Strategies for Change - A Guide to THE SKATEROOM's Social Impact

Social change is the driving force behind all of THE SKATEROOM’s practices. We bring consistent, tangible impact to global communities worldwide through skateboarding - a medium we know and love best. These are not just empty promises but concrete actions, rooted in careful strategic planning, monitoring and evaluation. THE SKATEROOM’s Social Impact Manager Zelia Corbia is here to offer a comprehensive guide to our social partnerships, the responsibility we take and the procedures we put in place to ensure the most effective support, where it’s most needed.

What is your role at THE SKATEROOM?

I am the Social Impact Manager, the main point of contact between THE SKATEROOM and all social projects that need funding or that we are having an ongoing partnership with. The role involves regular contact with the projects, seeing how they are developing, what impact they are delivering and what kind of support is relevant for us to provide.

How many social projects has THE SKATEROOM partnered with so far?

So far it’s roughly 40 organizations and counting, but the year is far from over! There are still multiple partnerships in the pipeline. Over the last decade there has been a huge variety of educational and empowerment programs which combine skateboarding with creative initiatives and also skatepark constructions.

Are all social projects supported by THE SKATEROOM related to skateboarding?

Currently, all of the projects that we partner with use skateboarding as a tool for social empowerment. Each project works within its own context, with response to its own specific needs that are relevant to the local community - but skateboarding is the common thread through all of them.

What other criteria do you look for when researching social partners?

From an organizational capacity there are a lot of different indicators that we look at. The four main ones, which we measure year to year, are: Gender Equity - how do your programs ensure that they’re as inclusive as possible for all types of genders to participate in?; Inclusion of Minority Populations - this is relevant to a huge variety of different demographics but it’s about identifying which population would benefit from this kind of support the most and how to reach them in the best way possible. It's also about being aware of any obstacles an individual might face in accessing the programs - social partners should demonstrate action-based initiatives that target persons facing any kind of social exclusion and encourage them to participate in their programs; Project Sustainability - making sure that each project which reaches out to us has some kind of funding diversification, allowing them to carry on outside of just THE SKATEROOM’s support; Economic Empowerment - we want to make sure that each project is responding to a specific need in a specific local context. It’s great when projects can provide staff salaries to ensure that their programming is durable, which is possible for projects that have been operating for a long time but this isn’t feasible for all projects. Economic empowerment can also involve encouraging youth to step up and become leaders within the organization, and about teaching them relevant employability skills and ensuring that they are able to exercise and develop them within the context of the educational program.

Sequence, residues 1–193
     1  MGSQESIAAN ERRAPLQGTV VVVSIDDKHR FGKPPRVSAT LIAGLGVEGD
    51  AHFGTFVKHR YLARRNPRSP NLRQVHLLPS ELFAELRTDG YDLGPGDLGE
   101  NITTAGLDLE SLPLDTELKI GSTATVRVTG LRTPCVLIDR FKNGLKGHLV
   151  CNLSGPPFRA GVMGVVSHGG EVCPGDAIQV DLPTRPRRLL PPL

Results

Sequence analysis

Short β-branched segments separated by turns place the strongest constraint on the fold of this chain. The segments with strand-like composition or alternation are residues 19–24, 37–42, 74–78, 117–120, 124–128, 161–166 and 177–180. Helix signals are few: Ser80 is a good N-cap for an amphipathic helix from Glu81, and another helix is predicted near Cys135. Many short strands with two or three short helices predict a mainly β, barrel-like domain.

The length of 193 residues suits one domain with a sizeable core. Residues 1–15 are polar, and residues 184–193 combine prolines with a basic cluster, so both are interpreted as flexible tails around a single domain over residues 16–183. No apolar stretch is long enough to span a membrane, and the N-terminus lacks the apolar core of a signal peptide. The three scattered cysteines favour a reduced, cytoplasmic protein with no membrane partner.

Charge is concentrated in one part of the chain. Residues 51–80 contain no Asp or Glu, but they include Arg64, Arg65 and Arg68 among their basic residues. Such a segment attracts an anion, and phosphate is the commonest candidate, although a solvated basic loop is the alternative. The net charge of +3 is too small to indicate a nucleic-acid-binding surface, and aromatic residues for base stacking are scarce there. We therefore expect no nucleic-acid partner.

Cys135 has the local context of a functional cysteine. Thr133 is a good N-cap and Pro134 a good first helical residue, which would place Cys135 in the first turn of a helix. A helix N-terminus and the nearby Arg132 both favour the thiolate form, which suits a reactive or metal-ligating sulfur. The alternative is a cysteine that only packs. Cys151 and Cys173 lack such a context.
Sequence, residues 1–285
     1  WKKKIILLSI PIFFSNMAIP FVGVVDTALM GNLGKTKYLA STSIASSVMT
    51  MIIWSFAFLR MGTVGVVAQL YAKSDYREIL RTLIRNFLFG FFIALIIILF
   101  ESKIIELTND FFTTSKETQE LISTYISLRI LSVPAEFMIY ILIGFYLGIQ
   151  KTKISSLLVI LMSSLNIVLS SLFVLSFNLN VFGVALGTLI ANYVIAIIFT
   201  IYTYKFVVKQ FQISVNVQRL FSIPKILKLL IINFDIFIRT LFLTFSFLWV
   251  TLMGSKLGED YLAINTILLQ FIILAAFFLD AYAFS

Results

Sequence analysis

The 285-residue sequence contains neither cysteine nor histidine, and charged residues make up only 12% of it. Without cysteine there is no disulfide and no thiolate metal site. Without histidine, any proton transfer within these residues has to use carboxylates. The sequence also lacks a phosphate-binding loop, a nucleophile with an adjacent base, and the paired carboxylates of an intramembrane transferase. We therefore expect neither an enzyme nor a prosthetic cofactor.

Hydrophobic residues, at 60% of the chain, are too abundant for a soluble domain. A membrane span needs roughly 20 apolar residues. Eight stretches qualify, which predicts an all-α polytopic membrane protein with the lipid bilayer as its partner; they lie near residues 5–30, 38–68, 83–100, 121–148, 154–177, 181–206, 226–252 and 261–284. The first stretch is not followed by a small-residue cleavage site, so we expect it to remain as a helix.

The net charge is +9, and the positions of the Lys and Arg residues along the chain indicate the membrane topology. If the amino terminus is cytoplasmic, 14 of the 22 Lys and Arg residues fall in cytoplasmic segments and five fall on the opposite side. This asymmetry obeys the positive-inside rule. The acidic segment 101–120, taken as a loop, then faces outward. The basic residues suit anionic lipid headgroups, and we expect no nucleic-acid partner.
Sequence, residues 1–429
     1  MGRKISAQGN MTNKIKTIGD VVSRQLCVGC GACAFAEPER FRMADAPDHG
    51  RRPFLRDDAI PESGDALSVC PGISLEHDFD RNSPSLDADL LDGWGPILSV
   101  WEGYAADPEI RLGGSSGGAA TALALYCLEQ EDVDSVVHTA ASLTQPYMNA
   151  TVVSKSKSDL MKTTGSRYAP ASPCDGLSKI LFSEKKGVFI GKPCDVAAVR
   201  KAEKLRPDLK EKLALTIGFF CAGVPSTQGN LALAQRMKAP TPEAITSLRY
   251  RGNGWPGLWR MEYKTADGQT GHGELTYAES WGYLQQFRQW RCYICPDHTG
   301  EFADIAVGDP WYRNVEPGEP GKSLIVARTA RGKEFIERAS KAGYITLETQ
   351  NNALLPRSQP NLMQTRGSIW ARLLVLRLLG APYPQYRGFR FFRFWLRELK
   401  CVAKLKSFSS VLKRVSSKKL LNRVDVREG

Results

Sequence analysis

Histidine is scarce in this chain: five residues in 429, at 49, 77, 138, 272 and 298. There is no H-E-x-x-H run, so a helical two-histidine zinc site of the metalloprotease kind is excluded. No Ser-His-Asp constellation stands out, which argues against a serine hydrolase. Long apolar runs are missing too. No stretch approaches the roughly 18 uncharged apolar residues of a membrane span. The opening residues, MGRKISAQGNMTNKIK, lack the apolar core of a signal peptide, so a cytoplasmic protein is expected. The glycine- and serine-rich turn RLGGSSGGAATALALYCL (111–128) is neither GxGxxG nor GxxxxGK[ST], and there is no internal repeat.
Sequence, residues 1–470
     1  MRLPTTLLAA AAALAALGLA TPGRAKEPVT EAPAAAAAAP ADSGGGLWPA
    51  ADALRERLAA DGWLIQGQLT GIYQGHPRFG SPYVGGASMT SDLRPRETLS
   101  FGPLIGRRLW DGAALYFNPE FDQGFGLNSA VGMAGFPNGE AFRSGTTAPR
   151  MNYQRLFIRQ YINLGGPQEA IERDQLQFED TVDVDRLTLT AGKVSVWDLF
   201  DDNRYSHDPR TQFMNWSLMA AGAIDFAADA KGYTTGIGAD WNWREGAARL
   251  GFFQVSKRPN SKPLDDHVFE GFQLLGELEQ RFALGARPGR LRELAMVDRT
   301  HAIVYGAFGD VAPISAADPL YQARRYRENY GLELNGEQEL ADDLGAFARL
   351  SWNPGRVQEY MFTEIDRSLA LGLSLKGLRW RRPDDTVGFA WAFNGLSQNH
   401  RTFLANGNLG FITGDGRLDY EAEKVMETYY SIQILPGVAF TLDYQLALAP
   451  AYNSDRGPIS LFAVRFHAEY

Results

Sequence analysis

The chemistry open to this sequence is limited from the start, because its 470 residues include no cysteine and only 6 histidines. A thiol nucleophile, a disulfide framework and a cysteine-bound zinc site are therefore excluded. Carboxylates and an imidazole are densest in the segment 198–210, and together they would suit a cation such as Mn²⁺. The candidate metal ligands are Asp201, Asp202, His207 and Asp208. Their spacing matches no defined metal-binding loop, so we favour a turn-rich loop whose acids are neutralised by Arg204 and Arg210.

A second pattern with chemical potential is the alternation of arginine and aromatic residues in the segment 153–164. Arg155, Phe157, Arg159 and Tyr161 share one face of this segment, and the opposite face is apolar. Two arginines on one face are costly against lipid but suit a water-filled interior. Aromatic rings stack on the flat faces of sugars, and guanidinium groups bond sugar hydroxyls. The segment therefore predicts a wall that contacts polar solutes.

Do projects reach out to THE SKATEROOM or do you reach out to them first? What is the ratio?

About 70% of the projects reach out to THE SKATEROOM when they have a defined program, a goal that they want to accomplish and a concrete idea of how we can support it. Another 30% is me reaching out to a project when, eg. an artist wants to support a specific area or has a specific theme in mind that they want to touch on with their collection. Then it’s my role to figure out which project puts this theme at the forefront of their mission.

What does the process of partnering up with a social project look like?

There is an Open Call form for social projects on THE SKATEROOM’s website that can be filled out anytime of the year, and submitted multiple times if an organization has different activities that evolve over time, or specific programs that need funding. What we look for in that form is a clear vision and timeline of the input and the outcomes, as well as having the capacity of delivering accurate budgets and reporting on the project’s impact, and identifying what the challenges and accomplishments are. What makes THE SKATEROOM stand apart is the fact that it’s not a traditional grant funding body, which allows for great flexibility in creating new social partnerships and responding to a need as efficiently as possible when we see it, without any strict deadlines. When we have a collection that is relevant to the project, or the timing is just right to begin supporting a construction, we begin a series of follow-up meetings to define the financial needs, the expected outcomes of the partnership, and the duration of the partnership.

What kind of support does THE SKATEROOM bring? Is it a one-off donation or is it more of a long-term commitment?